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The "cop's cop" in charge. Nassau PBA elects new President, James McDermott

Feb 11, 2017
  • nassau county pba, james mcdermott

Long Island Herald

Wantagh resident named police union president
February 7, 2017

James McDermott, a 53-year-old North Wantagh resident, said that his five siblings weren’t surprised when he became a police officer 33 years ago. After all, they had watched him patrol the halls of MacArthur High School, making sure his classmates weren’t bullied.

McDermott didn’t always aspire to a career in law enforcement. But his father, Patrick, a New York City firefighter, woke him up early one Saturday morning when he was 16 and said, “Come on, you’re taking the cop test.”

“I said, ‘What do you mean? It’s Saturday,’” McDermott recalled with a chuckle.
The process of becoming a New York City police officer began in earnest when he was 19, he said, adding, “Right away, I felt like I was home.”

After decades of serving the NYPD and the Nassau County Police Department, McDermott recently took on a new role, as president of the Nassau County Police Benevolent Association, which represents nearly 2,000 officers. He was elected to the most powerful position in the union on Jan. 30, having run unopposed.

He is a veteran union leader as well. He was elected a PBA delegate for the 5th Precinct in 1995, a trustee in 2001 and the union’s sergeant-at-arms in 2005.

McDermott succeeds James Carver, who retired this year, as president. Carver said he thought that McDermott’s 22 years of experience in the PBA would serve him well in his new, sometimes challenging position.

“He has the respect of the membership, and he is well prepared for this position,” Carver said. “I wish him and the board success going forward.”

McDermott noted that many members of the Nassau County Police Department are from his hometown and surrounding communities like Seaford, Levittown, Massapequa and Hicksville. He said that an appreciation for law enforcement has become part of the culture of these communities, because many young men and woman heard stories over the years from their neighbors who were in the police force about how rewarding their jobs were.

“Most cops are me — they’re parents, brothers, sisters, neighbors,” McDermott said. “They are part of the community.”

Unlike some of his colleagues, however, he was the only member of his family to become a police officer. He said he initially planned to study engineering at Penn State University, but changed his mind and “bounced around” in different programs of study at Nassau Community College before he was admitted to the NYPD Police Academy at age 20.

McDermott patrolled Bedford-Stuyvesant and East New York for the first three years of his career. He was assigned to a special unit called Total Patrol Concept, which focused on quality-of-life issues. “It was the craziest place on the planet back then,” he recalled. “I was making crack arrests before they were calling it crack. And when you’re 20 years old, you think you’re invincible.”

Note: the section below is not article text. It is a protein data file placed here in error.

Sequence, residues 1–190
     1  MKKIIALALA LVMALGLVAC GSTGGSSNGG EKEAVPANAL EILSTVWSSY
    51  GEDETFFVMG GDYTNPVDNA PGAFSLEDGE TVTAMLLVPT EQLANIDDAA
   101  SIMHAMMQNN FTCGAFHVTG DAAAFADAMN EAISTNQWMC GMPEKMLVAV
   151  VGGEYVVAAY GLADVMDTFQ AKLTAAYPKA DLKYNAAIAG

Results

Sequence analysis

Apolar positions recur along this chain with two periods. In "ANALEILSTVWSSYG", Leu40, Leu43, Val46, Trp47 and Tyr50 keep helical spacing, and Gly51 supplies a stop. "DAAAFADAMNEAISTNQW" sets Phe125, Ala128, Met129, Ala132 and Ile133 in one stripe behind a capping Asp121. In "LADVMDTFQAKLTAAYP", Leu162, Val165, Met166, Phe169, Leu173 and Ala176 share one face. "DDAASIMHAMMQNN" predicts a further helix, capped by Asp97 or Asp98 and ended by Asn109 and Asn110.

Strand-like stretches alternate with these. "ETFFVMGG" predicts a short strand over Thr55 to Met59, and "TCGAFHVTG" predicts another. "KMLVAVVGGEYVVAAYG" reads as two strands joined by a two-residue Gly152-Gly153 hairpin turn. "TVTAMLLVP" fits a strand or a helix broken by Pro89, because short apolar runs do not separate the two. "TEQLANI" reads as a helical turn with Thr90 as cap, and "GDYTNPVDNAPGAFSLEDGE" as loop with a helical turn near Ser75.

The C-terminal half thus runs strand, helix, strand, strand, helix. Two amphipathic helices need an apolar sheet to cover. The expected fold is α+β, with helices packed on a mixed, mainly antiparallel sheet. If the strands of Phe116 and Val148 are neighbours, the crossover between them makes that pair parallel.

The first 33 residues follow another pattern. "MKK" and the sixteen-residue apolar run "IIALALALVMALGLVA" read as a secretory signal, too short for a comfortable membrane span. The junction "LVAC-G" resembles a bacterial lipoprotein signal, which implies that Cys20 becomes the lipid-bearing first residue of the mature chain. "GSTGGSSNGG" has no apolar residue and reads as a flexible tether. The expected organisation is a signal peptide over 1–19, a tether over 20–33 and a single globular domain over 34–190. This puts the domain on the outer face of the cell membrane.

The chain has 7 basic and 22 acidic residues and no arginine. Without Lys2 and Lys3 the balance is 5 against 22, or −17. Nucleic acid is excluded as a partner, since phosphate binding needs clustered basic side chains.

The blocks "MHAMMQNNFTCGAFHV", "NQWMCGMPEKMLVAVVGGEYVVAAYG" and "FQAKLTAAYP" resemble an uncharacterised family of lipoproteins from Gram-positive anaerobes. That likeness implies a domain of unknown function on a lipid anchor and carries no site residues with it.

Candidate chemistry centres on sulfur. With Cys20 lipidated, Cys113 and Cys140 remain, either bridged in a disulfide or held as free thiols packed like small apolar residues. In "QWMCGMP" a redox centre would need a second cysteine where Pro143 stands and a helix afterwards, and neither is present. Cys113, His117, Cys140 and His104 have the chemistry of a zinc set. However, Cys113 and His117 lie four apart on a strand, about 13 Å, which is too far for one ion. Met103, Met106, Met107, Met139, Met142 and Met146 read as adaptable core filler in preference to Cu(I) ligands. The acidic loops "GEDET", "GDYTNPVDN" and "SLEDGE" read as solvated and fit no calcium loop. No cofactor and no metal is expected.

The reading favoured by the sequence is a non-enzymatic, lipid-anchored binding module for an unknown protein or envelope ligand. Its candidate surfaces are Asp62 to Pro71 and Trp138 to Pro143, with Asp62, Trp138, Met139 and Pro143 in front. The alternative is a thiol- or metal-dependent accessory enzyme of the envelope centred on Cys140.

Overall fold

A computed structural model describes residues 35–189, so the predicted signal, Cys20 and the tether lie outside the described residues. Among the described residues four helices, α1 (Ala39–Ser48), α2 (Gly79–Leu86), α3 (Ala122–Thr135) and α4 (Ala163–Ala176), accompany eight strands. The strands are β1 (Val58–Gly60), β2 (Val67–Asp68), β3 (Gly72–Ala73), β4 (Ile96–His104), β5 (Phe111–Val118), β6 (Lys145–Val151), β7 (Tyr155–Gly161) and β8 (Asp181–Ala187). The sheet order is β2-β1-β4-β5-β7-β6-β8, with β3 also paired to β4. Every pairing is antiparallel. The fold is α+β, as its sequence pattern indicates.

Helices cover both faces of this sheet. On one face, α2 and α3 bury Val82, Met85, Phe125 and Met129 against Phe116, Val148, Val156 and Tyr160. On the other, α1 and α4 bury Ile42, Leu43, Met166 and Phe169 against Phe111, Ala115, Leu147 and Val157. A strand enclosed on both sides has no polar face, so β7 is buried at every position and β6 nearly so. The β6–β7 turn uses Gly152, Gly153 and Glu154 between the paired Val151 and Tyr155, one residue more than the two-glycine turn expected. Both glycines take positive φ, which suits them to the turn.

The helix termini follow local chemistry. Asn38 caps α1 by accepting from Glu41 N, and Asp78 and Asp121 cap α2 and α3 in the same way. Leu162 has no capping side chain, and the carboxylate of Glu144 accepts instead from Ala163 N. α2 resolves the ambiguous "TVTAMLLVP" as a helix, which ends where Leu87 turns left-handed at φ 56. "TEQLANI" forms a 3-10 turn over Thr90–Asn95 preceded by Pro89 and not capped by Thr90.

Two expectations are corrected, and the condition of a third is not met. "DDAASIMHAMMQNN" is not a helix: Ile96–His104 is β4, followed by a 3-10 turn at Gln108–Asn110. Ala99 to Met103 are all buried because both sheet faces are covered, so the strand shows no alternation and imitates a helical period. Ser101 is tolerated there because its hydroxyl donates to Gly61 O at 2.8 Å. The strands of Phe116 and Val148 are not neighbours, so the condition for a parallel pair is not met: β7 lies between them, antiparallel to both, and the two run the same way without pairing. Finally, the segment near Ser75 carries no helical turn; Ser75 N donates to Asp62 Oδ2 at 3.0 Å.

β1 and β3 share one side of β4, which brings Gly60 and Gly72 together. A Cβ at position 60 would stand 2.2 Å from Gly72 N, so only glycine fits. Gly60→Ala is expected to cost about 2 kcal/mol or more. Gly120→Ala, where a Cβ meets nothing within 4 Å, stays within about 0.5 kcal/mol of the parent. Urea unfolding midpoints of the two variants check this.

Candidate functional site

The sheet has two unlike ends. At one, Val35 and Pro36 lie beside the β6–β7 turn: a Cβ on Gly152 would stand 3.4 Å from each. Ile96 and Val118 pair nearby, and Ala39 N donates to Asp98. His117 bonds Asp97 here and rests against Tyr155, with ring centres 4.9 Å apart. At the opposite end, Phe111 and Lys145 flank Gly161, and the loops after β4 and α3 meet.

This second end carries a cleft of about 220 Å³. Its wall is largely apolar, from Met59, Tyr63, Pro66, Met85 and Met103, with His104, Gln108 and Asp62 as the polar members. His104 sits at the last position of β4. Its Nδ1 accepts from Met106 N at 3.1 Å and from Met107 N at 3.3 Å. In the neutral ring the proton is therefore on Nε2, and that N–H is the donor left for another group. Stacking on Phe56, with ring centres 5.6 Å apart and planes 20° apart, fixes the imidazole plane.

McDermott made what he said was a difficult decision to leave the NYPD and join the NCPD in 1987, starting over as a Nassau Police Academy recruit. He was assigned to the 5th Precinct, and went on to patrol Elmont and Lakeview for about two decades.

He was named the 5th Precinct Cop of the Month three times, and won numerous awards and commendations for meritorious service and excellence, according to a PBA press release. Noting that he has had strong relationships with people in the diverse neighborhoods in which he has served, he said that as PBA president, one of his chief priorities will be community outreach.

“There is a narrative out there that police officers are waking up and thinking about killing people — that’s insanity,” he said. “We have to try to get rid of that narrative and speak to the kids. They need to know that we’re the exact opposite of the enemy. We’re the good guys.”

McDermott said that, as president, he wants to ensure that police officers have the best training available and are provided with the most up-to-date equipment and facilities in order to better protect the public. More specifically, he said that he would confer with PBA trustees and delegates from the 7th Precinct, in Seaford, about the quality and location of the stationhouse.

“The building is an old farmhouse, and it’s a terrible facility,” he said. “That’s part of morale, too. You should be going to a police facility. It shouldn’t be something that’s falling apart at the seams.”

McDermott also plans to push for the re-establishment of precincts that were merged under a 2012 consolidation plan. The 3rd Precinct, in Williston Park, absorbed the 6th Precinct, in Manhasset, and Levittown’s 8th Precinct merged with the 2nd Precinct, in Woodbury. The South Shore’s stations — the 1st, 4th, 5th and 7th — remain operational.

Saying that he has “literally kissed the Blarney Stone” — his mother, Mary, is a native of Kerry, Ireland — McDermott explained that he is ready to speak up on behalf of all PBA members. “I’m a cop’s cop,” he said. “I’ve been in their shoes, and I respect the job that they’re doing.”

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